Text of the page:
A further Class 508 shuttle working was temporarily added to the schedule, that between Strood and Gillingham during the Strood Tunnel blockade from 17th January 2004 onwards, lasting for twelve months. The class' somewhat immediate unpopularity with Kent commuters seemed well founded. Their comfort and ride quality was a decided step down from the Cep formations they replaced, added to the fact that they had never been the cleanest of units, plying routes subject to considerable vandalism. However, in 2005 the class began to have reviving fortunes as an effort to make them look presentable began in earnest. The first of these examples, refurbished by interim operator ''South Eastern Trains'', appeared in service on 24th May of that year and externally at least, there had been a noticeable improvement. The contemporary black, white and yellow livery found on Electrostars was applied to No. 508208, it now conforming with the more modern stock, but it was the same old story inside. Low backed seats were still in evidence, as were signs of vandalism, and with no other members of the fleet receiving any refurbishment, the class retained a low popularity rating.

 

With the arrival of Class 376 units on inner suburban workings, a stock cascade of the ''Networker'' fleet could begin. A batch of thirty-four refurbished Class 465 units (Class 465/9) were destined for stopping ''main line'' workings, whilst the Class 466 fleet could be freed up to take over from Class 508 units on a number of shuttle workings, notably on the Sheerness-on-Sea and Medway Valley lines. With the commencement of the new ''Southeastern'' franchise on 1st April 2006, the decline of the Class 508 units seemed imminent. In that month, it was announced that a quarter of the Gillingham-based fleet would be withdrawn by the end of the year, and 2007 would see the removal of the remaining nine sets from service. The company behind the new franchise, ''GoVia'', also ran the adjacent ''Southern Railway'' franchise, and it was the latter operation which had in its possession fifteen surplus Class 377 three-vehicle units. Thus, it was initially decided that these would be drafted in to fully replace the Class 508 units and to bolster the existing ''Electrostar'' fleet; like their Class 375 sisters, they would receive Ramsgate allocation. However, by August 2006 there had been a change of heart; it was decided to maintain an allocation of Class 508 sets, but cut the original fleet size of twelve units down to six. Of those units which were retained, an overhaul programme would be undertaken. This began on 1st June 2007 with the dispatch of No. 508205 from Gillingham to Wabtec at Doncaster, the same works having been responsible for the 465/9 units. The unit was sandwiched in-between a pair of BR Mk 1 barrier vehicles, and Class 67 No. 67016 hauled the formation throughout the journey. It was intended to have four of the refurbished units available at any one time, with two being kept back as spare.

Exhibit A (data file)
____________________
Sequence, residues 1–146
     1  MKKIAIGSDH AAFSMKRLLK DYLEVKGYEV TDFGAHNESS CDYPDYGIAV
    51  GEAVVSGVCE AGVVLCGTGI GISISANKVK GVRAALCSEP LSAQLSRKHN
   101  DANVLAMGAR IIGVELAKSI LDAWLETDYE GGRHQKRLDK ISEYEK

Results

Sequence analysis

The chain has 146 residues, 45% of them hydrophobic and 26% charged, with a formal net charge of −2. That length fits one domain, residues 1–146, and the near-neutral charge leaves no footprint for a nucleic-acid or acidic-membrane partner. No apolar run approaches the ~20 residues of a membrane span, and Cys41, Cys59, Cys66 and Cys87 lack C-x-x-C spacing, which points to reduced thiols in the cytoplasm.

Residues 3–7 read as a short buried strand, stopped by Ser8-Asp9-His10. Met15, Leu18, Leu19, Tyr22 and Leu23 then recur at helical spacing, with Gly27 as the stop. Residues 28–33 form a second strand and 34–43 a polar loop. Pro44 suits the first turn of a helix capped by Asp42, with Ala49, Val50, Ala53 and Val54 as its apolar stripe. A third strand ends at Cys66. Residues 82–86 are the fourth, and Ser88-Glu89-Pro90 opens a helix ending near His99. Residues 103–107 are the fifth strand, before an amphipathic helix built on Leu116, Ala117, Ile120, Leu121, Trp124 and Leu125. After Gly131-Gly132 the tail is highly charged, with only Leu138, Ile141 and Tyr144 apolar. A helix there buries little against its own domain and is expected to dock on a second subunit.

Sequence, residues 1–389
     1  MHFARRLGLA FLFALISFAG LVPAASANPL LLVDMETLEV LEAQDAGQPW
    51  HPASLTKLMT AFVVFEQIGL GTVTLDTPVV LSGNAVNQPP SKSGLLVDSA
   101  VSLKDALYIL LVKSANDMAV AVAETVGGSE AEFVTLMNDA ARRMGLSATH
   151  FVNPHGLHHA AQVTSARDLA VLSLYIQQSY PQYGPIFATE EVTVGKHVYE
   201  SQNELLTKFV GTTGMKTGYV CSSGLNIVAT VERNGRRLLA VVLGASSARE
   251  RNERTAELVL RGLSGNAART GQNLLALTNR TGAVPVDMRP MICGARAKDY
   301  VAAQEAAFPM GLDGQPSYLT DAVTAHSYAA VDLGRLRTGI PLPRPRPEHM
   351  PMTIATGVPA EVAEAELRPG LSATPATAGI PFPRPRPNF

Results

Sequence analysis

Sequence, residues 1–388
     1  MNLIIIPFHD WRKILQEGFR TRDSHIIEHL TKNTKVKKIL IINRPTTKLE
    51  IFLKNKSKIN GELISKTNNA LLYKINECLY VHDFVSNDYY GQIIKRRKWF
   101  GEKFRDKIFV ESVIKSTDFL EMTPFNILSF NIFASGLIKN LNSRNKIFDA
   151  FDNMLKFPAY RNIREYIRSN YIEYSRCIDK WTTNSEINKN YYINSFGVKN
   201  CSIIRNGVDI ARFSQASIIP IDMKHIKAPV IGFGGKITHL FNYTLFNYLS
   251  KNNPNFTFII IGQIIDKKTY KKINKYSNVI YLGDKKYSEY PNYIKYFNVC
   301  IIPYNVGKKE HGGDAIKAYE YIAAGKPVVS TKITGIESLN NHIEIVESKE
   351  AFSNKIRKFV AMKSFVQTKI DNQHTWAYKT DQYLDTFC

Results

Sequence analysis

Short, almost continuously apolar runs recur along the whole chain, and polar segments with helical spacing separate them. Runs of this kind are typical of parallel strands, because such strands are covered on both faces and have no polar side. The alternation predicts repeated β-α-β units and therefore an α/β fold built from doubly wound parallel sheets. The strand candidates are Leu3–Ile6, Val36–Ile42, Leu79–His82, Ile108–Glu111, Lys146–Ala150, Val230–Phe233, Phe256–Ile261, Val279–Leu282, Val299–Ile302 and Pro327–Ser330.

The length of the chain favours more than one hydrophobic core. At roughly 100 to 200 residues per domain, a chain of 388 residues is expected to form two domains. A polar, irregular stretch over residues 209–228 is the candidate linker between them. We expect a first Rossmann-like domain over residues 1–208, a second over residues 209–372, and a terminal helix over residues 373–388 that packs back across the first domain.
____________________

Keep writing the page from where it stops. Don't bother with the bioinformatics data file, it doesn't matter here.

South Eastern Division Allocation


South Eastern Division

 

No. 508204 at London Bridge ''Low Level''

No. 508204 is depicted at London Bridge on 13th October 2004, trundling out with a service to

Tunbridge Wells. David Glasspool

 


 

No. 508206 was seen at Maidstone West on 22nd March 2006, shortly after trundling in with

a service from Strood. Some trains continue onto Paddock Wood, but on this occasion the

service was terminating. David Glasspool

 


 

No. 508207 was seen stabled in the rolling stock sidings at Gillingham Depot on 31st May 2006.

Strong rumours exist that these completely non-standard EMUs are to be gradually replaced from

December 2006 onwards, with far superior Class 377s. David Glasspool